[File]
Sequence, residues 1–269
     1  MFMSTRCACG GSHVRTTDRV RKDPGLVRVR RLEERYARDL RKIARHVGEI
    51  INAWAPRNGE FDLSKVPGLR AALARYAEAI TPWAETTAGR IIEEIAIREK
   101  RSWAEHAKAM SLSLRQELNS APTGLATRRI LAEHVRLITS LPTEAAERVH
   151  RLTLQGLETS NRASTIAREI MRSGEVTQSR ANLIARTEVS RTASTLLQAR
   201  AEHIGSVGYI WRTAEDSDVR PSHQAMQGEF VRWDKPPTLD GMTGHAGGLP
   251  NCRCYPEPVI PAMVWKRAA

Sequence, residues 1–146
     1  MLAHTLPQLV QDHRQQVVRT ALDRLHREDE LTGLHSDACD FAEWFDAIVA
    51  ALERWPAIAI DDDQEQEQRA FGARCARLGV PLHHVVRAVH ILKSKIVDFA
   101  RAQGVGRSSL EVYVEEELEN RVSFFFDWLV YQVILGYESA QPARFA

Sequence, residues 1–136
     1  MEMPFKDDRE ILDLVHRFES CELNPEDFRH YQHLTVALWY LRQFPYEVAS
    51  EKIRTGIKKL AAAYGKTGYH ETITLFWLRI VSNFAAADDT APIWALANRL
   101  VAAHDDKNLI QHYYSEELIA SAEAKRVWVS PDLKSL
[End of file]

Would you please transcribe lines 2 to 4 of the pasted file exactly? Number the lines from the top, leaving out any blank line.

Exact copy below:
     1  MFMSTRCACG GSHVRTTDRV RKDPGLVRVR RLEERYARDL RKIARHVGEI
    51  INAWAPRNGE FDLSKVPGLR AALARYAEAI TPWAETTAGR IIEEIAIREK
   101  RSWAEHAKAM SLSLRQELNS APTGLATRRI LAEHVRLITS LPTEAAERVH